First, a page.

x x x
Further, the said prior sale of the 154-square meter portion of the property to the Magtoto spouses was precisely the reason why the Bernardez spouses entered into a Memorandum of Agreement14 with the vendors in order to proceed with the sale. By their own admissions and undertakings, the Bernardez spouses are already estopped from claiming lack of knowledge of the prior sale. They cannot be said to have been in good faith in registering the subject property in their name. Hence, between the Bernardez spouses and the Magtoto spouses, we rule that the latter have a better right to the 154-square meter portion of the property, having first registered the same in good faith.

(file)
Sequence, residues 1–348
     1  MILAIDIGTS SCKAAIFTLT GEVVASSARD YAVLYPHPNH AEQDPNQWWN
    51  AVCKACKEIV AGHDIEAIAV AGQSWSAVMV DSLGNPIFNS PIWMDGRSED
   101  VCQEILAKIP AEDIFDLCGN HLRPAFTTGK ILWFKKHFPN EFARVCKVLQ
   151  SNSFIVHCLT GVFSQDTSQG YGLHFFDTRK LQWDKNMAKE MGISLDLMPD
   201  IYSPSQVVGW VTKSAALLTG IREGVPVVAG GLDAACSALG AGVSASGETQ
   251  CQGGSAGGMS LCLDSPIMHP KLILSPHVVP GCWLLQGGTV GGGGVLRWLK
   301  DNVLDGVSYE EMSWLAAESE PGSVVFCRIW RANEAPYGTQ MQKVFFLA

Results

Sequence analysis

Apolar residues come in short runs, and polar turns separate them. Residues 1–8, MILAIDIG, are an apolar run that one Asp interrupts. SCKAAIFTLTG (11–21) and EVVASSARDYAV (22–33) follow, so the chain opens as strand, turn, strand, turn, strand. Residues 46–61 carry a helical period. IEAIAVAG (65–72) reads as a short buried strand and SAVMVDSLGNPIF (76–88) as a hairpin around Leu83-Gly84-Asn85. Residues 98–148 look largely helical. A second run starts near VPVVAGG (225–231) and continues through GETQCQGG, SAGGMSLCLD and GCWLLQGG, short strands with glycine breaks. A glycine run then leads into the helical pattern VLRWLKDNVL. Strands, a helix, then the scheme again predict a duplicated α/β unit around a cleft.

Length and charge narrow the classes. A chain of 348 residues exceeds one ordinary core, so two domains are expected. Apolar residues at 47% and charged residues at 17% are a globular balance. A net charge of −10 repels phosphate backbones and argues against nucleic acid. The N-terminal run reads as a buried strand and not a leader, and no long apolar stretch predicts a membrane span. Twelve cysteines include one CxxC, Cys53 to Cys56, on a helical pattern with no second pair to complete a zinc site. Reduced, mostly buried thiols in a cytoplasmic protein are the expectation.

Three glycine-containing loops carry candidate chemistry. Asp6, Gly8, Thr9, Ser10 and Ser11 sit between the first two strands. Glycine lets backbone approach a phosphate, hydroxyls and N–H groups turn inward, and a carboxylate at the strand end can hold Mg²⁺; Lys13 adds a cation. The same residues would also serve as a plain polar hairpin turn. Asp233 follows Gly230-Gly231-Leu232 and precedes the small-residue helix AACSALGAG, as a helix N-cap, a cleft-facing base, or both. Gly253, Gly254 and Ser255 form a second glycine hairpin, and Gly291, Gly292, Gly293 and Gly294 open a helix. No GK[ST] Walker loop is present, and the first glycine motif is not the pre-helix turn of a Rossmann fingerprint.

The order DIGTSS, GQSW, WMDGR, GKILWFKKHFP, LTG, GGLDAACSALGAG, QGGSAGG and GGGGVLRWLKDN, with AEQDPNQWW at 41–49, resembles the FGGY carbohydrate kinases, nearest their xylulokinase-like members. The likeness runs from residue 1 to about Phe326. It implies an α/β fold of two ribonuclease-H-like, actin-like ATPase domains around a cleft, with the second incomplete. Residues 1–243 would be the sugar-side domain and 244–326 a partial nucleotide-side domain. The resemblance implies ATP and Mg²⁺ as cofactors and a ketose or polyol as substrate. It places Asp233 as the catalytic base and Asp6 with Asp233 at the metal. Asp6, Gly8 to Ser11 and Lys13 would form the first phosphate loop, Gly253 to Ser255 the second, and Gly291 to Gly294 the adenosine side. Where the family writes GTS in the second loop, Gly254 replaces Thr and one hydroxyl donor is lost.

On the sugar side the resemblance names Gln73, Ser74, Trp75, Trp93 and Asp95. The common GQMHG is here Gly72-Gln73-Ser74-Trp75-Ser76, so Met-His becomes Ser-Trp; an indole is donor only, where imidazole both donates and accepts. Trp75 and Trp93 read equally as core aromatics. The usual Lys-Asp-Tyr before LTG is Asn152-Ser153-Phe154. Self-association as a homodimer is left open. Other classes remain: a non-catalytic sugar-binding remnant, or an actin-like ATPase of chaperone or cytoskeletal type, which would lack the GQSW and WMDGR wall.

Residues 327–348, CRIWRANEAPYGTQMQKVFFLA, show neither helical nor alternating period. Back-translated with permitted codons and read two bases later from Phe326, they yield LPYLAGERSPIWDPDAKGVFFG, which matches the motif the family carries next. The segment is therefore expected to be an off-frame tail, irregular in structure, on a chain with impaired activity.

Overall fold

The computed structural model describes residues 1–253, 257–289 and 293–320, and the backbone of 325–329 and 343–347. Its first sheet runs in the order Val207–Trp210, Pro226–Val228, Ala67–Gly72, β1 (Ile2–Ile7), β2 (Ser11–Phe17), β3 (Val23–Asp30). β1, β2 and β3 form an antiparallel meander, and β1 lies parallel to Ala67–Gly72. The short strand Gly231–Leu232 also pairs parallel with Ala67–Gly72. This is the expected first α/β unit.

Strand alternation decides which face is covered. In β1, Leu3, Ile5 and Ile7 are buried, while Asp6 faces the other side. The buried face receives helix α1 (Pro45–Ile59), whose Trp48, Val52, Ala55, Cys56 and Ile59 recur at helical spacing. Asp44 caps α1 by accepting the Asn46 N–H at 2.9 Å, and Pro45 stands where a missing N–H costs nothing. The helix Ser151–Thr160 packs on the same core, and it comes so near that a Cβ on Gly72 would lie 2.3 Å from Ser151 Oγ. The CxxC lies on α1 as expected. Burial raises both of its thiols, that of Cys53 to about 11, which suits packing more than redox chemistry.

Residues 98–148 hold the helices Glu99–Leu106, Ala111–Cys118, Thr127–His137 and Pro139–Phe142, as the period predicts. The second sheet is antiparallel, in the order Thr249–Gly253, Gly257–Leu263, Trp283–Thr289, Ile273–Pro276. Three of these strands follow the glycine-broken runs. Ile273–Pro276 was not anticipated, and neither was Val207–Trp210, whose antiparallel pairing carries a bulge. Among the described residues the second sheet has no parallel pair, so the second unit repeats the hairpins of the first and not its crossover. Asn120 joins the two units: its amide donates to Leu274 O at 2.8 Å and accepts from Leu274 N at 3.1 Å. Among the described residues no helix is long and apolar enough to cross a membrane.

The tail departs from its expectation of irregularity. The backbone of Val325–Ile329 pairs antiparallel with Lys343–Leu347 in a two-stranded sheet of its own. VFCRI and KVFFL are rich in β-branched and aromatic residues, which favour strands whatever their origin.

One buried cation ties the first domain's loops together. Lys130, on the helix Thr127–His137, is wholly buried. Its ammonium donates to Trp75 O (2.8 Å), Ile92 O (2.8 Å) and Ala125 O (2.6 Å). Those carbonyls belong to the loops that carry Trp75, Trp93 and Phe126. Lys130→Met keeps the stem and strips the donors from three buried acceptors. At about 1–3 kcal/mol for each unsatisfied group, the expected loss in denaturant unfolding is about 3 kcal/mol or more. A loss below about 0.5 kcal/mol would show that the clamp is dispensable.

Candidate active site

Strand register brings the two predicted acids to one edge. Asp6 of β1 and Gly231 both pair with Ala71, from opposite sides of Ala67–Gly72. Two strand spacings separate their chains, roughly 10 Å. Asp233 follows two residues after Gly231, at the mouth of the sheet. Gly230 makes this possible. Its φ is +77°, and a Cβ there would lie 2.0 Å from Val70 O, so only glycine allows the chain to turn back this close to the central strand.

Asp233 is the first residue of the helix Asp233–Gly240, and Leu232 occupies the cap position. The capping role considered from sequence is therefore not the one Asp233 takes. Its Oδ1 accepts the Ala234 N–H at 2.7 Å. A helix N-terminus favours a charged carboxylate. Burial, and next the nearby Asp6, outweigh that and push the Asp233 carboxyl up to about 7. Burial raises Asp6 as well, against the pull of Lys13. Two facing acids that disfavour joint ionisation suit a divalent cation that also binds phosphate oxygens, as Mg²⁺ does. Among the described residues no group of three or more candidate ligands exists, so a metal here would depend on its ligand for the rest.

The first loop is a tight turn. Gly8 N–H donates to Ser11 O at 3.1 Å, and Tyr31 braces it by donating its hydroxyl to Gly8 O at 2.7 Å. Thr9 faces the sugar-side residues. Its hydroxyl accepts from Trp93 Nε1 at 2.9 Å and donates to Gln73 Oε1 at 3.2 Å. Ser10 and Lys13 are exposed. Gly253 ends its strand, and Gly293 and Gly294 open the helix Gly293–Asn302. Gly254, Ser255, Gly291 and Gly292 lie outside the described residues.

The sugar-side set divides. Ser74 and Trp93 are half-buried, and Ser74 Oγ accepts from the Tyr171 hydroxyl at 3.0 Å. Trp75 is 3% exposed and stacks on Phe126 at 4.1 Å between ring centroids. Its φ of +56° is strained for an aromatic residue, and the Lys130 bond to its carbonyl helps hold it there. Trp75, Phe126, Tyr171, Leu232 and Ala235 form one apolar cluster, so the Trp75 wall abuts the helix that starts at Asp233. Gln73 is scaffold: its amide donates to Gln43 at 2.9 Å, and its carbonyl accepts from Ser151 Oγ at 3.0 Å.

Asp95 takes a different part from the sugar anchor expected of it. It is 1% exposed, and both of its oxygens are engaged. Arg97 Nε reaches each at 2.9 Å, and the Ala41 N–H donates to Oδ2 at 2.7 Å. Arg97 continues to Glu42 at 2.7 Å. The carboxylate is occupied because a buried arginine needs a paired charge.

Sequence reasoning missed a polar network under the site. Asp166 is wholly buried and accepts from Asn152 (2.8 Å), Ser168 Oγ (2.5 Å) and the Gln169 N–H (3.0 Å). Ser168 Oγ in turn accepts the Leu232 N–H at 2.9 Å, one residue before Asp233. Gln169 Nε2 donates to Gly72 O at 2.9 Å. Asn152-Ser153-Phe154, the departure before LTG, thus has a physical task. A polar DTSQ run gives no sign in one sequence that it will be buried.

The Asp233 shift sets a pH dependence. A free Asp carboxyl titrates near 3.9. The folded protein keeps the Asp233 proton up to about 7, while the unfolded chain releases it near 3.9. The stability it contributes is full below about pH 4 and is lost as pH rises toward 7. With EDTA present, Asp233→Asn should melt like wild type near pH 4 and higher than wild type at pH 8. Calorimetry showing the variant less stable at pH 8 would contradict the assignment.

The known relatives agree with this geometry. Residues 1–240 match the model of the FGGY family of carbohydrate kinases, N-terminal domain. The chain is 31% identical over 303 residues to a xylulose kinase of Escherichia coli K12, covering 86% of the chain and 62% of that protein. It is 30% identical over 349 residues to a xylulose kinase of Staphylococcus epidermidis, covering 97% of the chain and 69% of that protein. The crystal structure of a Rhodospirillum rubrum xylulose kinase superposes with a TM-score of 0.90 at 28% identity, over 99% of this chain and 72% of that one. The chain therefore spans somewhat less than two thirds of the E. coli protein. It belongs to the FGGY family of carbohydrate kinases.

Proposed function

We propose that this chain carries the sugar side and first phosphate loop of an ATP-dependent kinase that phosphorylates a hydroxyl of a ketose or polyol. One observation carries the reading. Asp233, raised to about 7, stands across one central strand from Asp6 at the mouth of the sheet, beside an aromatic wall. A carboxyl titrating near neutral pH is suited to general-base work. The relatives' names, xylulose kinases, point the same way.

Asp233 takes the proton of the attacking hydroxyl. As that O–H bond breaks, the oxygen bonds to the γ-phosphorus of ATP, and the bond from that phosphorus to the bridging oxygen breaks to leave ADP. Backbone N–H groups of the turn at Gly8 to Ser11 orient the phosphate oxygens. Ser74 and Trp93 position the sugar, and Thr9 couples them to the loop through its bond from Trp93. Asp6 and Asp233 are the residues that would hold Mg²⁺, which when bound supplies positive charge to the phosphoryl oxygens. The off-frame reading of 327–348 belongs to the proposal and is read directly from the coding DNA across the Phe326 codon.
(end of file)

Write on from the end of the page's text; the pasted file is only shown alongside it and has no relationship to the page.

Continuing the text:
Thus, we find that the trial court and the Court of Appeals correctly dismissed for lack of merit the complaint filed by the Bernardez spouses.
WHEREFORE, the petition is DENIED for lack of merit. The assailed Decision dated September 7, 2004 and Resolution dated November 5, 2004 of the Court of Appeals in CA-G.R. CV No. 78642, which had affirmed the Decision of the Regional Trial Court of Quezon City, Branch 80 in Civil Case No. Q-98-36074, are AFFIRMED. Costs against petitioners.
1 Rollo, pp. 35-51. Penned by Associate Justice Remedios A. Salazar-Fernando, with Presiding Justice Cancio C. Garcia (now a member of this Court) and Associate Justice Hakim S. Abdulwahid concurring.
2 Id. at 52-53.
3 Records, pp. 480-497. Penned by Judge Agustin S. Dizon.
4 Id. at 382.
5 Id. at 21-27.
6 Id. at 22-23.
7 Id. at 31-32.
8 Id. at 42-45.
9 Rollo, pp. 42-43.
10 Records, pp. 1-15.
11 Rollo, p. 23.
12 San Lorenzo Development Corporation v. Court of Appeals, G.R. No. 124242, January 21, 2005, 449 SCRA 99, 115-116.
13 Records, p. 33.
14 Supra note 8.